SNAP is encouraged by the clergy abuse investigation in Wisconsin
We applaud the work done so far by the Office of Attorney General Josh Kaul. The investigation of clergy sexual abuse in Wisconsin was launched in April 2021. An interim report was issued yesterday by AG Kaul which revealed nearly 180 reports of abuse by leaders from multiple religious organizations and faith traditions. The agency also noted that it received reports from every Roman Catholic diocese in Wisconsin and that those who filed reports were between 18 and 75 years of age.
We are particularly encouraged to read that accusations of clergy sexual abuse were fielded by the AG's office from victims who are still minors. While the average age for a survivor to come forward is 52 when outcries are made by children and young adults, there is a greater chance for criminal prosecution of the perpetrators, and perhaps even of those who hid and enabled these criminals.
To us, this is wonderful progress, and we look forward to the continued work of the AG's office and the final results of this investigation. The interim report revealed that all Catholic dioceses are still struggling to deal with the abuse scandal and that hundreds of victims have utilized the hotline. Watchdog group Bishop-Accountability has already documented 199 Catholic abusers statewide in Wisconsin.
Our hope is that AG Kaul ultimately issues a report much like that of the Pennsylvania six diocese grand jury report from 2018. If so, we would expect an avalanche of additional reports to follow. The Wisconsin investigation is still very much in its infancy. The PA grand jury took nearly two years, and investigators thoroughly and thoughtfully culled through victim testimony to build a report that exposed what advocates already knew; that there are many hidden predators and thousands of still-silent victims.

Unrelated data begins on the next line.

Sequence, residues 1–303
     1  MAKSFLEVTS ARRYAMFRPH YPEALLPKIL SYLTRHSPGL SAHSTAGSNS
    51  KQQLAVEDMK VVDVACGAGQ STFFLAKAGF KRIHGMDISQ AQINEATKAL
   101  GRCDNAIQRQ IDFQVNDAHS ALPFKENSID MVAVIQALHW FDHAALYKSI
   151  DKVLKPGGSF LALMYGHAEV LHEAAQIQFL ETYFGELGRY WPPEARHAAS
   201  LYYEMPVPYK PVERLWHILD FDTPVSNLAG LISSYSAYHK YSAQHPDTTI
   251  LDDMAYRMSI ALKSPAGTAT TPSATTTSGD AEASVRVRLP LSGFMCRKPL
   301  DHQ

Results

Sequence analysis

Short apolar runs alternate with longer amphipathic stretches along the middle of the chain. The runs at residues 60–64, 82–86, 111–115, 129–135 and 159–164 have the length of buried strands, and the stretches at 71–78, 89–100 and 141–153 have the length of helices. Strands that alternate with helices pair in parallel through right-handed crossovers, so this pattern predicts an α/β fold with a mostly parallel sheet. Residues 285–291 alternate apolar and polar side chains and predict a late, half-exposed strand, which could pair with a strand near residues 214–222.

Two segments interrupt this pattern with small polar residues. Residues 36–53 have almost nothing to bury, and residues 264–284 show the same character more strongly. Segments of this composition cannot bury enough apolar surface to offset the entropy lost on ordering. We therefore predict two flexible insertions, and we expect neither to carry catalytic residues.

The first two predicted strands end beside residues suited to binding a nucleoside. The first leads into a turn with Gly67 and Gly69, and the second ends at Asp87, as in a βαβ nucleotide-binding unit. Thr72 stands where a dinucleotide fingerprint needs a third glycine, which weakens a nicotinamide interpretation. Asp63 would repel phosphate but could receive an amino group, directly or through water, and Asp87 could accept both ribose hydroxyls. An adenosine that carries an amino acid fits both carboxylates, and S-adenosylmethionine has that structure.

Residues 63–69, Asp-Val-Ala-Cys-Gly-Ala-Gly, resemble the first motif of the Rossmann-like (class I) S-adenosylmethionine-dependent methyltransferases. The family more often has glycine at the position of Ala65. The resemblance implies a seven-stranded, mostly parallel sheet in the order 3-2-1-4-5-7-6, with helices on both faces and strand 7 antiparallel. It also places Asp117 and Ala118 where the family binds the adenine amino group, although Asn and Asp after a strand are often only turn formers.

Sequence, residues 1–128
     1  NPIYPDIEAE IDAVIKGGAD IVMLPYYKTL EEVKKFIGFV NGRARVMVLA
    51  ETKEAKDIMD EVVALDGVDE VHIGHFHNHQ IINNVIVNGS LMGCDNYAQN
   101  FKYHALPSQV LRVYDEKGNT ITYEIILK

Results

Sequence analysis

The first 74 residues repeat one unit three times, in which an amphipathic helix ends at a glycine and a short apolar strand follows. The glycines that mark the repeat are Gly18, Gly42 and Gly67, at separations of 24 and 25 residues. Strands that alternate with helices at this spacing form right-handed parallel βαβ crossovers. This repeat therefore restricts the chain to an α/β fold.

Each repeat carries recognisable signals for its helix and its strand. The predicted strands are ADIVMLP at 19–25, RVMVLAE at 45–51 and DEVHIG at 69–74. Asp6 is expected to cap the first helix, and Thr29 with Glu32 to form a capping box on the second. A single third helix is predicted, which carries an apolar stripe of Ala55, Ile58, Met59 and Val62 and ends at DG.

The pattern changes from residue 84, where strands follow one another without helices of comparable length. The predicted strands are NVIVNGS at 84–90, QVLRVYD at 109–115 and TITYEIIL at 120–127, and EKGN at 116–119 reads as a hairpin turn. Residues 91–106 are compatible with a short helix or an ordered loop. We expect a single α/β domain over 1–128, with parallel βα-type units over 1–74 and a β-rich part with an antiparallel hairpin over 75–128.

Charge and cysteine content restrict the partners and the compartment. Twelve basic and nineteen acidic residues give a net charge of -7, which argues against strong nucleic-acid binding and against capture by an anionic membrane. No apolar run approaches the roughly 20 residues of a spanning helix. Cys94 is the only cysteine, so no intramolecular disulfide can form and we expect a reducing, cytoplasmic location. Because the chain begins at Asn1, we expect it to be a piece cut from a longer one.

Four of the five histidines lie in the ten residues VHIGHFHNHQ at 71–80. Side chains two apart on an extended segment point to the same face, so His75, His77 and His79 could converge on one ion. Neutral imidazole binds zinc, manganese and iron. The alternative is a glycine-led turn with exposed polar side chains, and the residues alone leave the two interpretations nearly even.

We would expect to see between 50 and 100 new names, and likely more if the AG includes Catholic staffers or volunteers, religious brothers, and nuns. So far in every secular investigation, 15% to 25% of abusers fall into that category. This will lead to sorely needed information that will better protect children and help survivors heal.
Secular investigations are the only way to uncover the abuses that have been going on unabated for decades. No one knew more about these crimes and no one has done less than the dioceses and religious institutions themselves.
SNAP has always been committed to helping survivors seek justice, and we encourage any victim who needs support to reach out to us.